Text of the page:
an exhibition by artists Sama Alshaibi and Beth Krensky
Exhibition at Dinnerware Artspace, Tucson, Arizona
April 5th - April 26th 2008 (opening reception on April 5th 7-9pm)
Sponsored by "Conversations Across Religious Traditions"
Office of the President at the University of Arizona

Previously exhibited at the Mizel Museum, Denver, Colorado
October 11, 2007 - January 24, 2008

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The visual arts tell us stories. The way that artists tell us those stories happens in many different ways, just as the stories that we “see” vary depending on who we are, and what information that we have available to us.

Here are four examples of elements that could be combined to shape a story for you in an art gallery space-

the title of the exhibit
the materials that the artists uses to create the objects
the themes present
and gallery space itself

These are all clues or pieces to the visual story. In addition, you bring your own story to the space. The story that you leave with is a combination of what you already know and feel, and the new story you have just been told.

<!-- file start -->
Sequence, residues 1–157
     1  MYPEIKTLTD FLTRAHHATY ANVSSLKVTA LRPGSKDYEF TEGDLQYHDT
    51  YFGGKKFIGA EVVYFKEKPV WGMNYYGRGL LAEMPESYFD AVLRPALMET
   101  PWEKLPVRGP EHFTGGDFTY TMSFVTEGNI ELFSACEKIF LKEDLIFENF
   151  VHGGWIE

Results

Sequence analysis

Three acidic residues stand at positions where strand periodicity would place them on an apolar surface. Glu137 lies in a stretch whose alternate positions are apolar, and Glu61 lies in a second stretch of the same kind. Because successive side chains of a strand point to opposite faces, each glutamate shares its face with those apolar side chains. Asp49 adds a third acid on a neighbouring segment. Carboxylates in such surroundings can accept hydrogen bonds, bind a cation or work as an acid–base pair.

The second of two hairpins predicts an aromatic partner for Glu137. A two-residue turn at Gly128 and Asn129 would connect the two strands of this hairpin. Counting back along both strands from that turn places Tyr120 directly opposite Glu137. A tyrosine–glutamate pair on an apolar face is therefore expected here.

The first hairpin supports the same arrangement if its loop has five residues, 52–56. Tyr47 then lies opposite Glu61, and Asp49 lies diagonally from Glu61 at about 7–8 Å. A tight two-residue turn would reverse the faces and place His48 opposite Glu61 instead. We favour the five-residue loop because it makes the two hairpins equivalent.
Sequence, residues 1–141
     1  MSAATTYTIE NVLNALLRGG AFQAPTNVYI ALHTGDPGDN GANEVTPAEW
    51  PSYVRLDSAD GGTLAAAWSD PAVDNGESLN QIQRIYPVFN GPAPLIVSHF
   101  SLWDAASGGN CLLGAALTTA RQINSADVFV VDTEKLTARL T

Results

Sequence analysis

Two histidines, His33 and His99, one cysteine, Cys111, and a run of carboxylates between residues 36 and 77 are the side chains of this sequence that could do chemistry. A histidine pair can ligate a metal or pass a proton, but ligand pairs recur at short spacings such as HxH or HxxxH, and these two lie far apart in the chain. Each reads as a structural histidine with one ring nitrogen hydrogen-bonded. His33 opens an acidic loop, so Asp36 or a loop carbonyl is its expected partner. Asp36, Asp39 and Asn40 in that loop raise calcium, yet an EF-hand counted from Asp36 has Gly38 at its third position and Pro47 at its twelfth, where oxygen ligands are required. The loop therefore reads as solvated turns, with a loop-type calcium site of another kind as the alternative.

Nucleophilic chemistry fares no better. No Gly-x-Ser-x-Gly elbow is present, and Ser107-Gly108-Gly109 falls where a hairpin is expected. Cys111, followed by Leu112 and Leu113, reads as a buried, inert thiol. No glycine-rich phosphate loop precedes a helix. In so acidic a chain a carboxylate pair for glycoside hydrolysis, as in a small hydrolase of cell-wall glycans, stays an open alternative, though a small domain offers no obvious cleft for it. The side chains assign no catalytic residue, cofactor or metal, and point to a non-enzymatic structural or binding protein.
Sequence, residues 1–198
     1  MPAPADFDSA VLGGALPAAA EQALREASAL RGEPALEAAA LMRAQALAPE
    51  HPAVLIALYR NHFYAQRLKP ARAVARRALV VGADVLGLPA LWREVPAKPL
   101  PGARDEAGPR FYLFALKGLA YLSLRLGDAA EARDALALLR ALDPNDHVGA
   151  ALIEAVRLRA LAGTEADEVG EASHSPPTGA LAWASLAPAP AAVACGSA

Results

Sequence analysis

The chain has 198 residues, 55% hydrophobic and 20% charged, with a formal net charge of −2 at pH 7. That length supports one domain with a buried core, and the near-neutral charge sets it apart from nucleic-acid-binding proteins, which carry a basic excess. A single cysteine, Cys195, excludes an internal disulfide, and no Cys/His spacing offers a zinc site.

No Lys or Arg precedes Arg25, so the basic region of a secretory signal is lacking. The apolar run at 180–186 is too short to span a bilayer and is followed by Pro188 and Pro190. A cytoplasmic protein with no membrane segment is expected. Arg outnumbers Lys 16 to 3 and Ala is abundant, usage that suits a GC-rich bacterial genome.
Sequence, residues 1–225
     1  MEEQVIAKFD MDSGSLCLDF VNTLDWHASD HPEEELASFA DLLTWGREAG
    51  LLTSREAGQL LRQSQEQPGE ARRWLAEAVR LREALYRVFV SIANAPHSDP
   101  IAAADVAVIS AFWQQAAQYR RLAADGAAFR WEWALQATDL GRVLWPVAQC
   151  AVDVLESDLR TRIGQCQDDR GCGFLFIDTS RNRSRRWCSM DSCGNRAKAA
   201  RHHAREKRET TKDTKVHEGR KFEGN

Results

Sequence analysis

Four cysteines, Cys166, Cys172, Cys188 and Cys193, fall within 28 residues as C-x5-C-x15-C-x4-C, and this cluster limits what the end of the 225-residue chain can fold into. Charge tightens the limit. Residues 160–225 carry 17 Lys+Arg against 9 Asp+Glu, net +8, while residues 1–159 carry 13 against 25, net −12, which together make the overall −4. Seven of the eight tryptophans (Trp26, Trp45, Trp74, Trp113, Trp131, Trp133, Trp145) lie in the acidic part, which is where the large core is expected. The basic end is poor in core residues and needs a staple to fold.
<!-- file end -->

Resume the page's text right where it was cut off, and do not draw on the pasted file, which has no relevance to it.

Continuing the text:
Class Discussion:

What is the difference between telling a story directly and telling one indirectly? How are visual stories told in indirect ways? A helpful way to think of this might be discussing the difference between how something can suggest a story instead of tell a story.

Why would an artist choose to suggest something, or communicate using metaphors and symbols instead of just saying something directly?
Think about how it feels different to you as a listener when someone tells you a story while you listen quietly vs. what it feels like to piece together a story with someone through an action or conversation. Consider stories that have multiple versions.